18 September 2019

Landslides in Art Part 30: Erica Putis

Posted by Dave Petley

Landslides in Art Part 30: Erica Putis

This is the 30th edition of my (very occasional) series on the ways in which landslides are depicted in various forms of art.  Part 29 can be found here.

This time I’m featuring a piece of work by Erica Putis, who describes herself, and her work, thus:

Erica Putis grew up in a small town in Vermont where the grass was green and the winters cold. During this time, she wandered for hours around her family’s 20 acres, continuously in awe of nature and her surroundings. Creating was always something that happened and never stopped even when she grew up…Erica’s work is inspired by her love of nature, science and beauty. She tries to find the balance between the terrifying beauty of mother nature and the fascinating anomalies of the science world. These subjects have always motivated her creativity and given her a sense of awe while living on this little place we call Earth.

This work is from a collection of work entitled Natural Destruction Series, which she describes as follows:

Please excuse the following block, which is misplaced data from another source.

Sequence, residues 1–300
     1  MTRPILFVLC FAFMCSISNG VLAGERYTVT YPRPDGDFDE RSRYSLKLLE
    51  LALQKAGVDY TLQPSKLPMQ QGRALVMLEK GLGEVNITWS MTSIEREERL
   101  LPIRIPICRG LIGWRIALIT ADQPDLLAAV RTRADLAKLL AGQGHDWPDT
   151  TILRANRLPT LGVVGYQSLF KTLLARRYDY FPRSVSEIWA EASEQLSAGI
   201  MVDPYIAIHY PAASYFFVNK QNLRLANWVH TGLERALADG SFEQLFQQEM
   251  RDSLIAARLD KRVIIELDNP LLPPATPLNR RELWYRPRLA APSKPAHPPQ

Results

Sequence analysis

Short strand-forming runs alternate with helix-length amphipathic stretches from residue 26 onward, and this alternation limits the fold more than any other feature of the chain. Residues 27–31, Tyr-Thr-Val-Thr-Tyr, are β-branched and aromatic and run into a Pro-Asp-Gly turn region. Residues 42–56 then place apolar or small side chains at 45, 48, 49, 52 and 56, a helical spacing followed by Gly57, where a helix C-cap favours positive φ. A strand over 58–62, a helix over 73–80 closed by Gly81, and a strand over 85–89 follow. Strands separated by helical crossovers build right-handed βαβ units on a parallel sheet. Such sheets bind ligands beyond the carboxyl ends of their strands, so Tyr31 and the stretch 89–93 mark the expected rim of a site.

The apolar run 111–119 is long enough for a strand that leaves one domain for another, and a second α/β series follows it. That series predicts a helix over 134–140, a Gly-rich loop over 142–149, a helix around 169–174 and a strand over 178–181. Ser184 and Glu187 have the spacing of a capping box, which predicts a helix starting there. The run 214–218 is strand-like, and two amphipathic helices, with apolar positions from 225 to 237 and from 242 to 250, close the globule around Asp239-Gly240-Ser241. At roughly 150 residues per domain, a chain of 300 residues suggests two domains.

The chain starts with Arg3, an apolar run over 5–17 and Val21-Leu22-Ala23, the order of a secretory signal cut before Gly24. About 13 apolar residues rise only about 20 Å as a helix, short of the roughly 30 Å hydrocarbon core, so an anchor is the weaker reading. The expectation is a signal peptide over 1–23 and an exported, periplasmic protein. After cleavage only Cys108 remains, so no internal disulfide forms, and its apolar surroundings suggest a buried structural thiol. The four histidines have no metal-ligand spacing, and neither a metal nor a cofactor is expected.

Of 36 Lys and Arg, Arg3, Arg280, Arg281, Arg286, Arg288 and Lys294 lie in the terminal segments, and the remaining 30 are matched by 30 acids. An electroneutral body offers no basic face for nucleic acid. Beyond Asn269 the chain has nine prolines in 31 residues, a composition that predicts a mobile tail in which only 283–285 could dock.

I grew up in Vermont and am a nature girl at heart. I am totally fascinated and terrified of natural destruction. In our current state of affairs due to climate change these beautiful but scary phenomena will continue to increase with frequency and strength. I am continuously amazed at Mother Nature and how we lack control over her. Watching the weather channel, confronting my phobia of tornadoes and studying science and geology in my spare time has inspired this series.

The works depict various geological and meteorological phenomenon, including this painting of a landslide:-


This painting appears to be inspired by this photo of a landslide on Cecil Lake Road in Canada by R. Couture:-


The painting rather beautifully captures the sad destruction of the natural environment caused by the landslide.  There is a sense of melancholy and loss, which cannot be captured in a photograph.

Other editions of Landslides in Art can be found here.